DOI: 10.3390/pathogens13010021 ISSN: 2076-0817

A Flow Cytometry Study of the Binding and Stimulation Potential of Inactivated Trypanosoma evansi toward Dromedary Camel Leukocytes

Jamal Hussen, Omar A. AL-Jabr, Mayyadah Abdullah Alkuwayti, Noof Abdulrahman Alrabiah, Baraa Falemban, Abdulaziz Alouffi, Waleed S. Al Salim, Ketsarin Kamyingkird, Marc Desquesnes
  • Infectious Diseases
  • Microbiology (medical)
  • General Immunology and Microbiology
  • Molecular Biology
  • Immunology and Allergy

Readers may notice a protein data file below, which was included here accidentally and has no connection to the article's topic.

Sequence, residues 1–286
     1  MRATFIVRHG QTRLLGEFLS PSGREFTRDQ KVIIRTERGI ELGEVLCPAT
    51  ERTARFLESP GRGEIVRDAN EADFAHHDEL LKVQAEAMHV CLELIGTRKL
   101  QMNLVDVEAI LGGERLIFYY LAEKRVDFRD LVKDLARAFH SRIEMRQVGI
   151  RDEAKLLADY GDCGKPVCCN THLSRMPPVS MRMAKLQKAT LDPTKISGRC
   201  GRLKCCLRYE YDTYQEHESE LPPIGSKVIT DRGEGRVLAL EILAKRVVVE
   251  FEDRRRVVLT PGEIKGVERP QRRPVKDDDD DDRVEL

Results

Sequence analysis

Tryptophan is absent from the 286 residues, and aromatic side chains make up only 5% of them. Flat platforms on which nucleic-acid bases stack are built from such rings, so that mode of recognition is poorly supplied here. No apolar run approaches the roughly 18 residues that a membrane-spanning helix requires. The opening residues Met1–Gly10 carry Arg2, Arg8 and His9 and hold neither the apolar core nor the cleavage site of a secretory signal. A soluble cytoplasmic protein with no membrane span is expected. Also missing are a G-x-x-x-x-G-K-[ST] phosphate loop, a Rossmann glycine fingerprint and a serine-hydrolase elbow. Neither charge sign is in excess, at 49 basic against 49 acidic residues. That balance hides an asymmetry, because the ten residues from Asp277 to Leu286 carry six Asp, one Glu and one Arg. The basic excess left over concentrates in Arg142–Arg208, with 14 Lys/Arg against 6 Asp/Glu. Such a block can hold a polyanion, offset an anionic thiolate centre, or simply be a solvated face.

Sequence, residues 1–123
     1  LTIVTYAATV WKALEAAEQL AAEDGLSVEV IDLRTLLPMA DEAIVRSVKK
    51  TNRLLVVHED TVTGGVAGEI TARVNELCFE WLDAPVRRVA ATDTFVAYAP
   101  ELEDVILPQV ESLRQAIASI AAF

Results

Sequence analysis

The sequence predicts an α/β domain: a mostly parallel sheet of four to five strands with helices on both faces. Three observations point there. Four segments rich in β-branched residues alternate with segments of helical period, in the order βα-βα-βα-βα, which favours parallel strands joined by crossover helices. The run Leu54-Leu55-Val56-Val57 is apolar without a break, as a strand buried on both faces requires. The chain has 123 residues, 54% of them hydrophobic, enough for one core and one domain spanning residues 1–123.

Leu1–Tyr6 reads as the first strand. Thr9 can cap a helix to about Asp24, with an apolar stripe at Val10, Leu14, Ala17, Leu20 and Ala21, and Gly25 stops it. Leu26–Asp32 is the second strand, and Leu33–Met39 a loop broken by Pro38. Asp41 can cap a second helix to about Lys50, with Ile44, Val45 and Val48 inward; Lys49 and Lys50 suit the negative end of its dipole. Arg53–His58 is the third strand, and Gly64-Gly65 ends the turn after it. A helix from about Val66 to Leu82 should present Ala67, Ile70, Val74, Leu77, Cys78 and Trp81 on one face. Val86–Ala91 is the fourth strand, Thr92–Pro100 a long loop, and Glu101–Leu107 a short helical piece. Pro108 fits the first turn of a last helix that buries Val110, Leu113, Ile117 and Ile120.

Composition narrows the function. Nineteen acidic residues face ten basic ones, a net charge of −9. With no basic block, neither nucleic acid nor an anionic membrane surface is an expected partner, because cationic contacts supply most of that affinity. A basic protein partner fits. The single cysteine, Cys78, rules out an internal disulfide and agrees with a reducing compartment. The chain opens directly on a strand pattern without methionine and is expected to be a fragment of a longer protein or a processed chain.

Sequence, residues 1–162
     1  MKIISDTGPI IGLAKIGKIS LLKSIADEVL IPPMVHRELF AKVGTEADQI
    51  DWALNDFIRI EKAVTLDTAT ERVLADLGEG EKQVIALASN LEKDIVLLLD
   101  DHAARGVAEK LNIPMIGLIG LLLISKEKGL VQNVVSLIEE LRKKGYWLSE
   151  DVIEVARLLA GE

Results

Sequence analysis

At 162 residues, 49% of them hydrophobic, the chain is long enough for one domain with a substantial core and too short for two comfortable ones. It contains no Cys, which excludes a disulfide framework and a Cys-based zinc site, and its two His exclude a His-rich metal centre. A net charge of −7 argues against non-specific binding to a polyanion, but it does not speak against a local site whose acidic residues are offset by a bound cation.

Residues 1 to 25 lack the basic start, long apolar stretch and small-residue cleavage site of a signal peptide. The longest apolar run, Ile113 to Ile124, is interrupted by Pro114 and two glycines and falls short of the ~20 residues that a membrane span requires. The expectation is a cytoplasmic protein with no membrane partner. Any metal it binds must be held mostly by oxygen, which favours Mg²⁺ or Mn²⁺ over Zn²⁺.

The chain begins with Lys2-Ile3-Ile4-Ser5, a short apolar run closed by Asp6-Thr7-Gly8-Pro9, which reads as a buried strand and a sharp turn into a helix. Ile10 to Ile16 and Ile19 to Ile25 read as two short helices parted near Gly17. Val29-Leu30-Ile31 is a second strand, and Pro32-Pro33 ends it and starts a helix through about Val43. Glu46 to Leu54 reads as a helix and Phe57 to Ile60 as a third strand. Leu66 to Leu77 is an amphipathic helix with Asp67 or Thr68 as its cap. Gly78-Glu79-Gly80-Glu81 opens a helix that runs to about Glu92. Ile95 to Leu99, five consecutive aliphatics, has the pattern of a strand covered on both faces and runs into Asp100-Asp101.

Surra, a wasting disease caused by Trypanosoma evansi, is one of the major animal health burdens in camel-rearing countries, imposing significant economic losses due to reduced fertility and high mortality rates. The present study used inactivated T. evansi (from the Card Agglutination Test for Trypanosomes/Trypanosoma evansi; CATT/T. evansi) and flow cytometry to investigate their binding and activation potential toward camel leukocyte subsets. Labeling T. evansi with propidium iodide (PI) enabled their flow cytometric enumeration and identification with forward scatter (FSC; indicative for cell size) and side scatter (SSC; indicative for cell internal complexity) characteristics that are comparable with values reported for Trypanosoma cruzi. The incubation of PI-labeled non-opsonized T. evansi with camel leukocyte populations revealed that camel monocytes have the highest potential to bind T. evansi, followed by granulocytes and lymphocytes. The identification of pattern recognition receptors (PRRs) on camel immune cells and the pathogen-associated molecular patterns (PAMPs) in T. evansi that are responsible for this different binding capacity requires further studies. Stimulation of camel neutrophils with Trypanosoma evansi induced shape change, reactive oxygen species (ROS) production, and neutrophil extracellular traps (NET)-formation. To ensure that T. evansi, in the parasite concentration used in this study, is not apoptotic or necrotic to camel leukocytes, we evaluated cell apoptosis and necrosis after stimulation with T. evansi. The results revealed no impact of T. evansi stimulation for 2 h on the cell viability of camel leukocytes. Subsequent work may focus on the diagnostic employment of labeled T. evansi and flow cytometry for the detection of anti-Trypanosoma antibodies in camel serum. In addition, more efforts should be deployed to investigate the host–pathogen interaction mechanisms and the escape mechanisms of T. evansi in camels. To complete these data, further studies using the living or freshly killed parasites could also be implemented in camels and/or horses.

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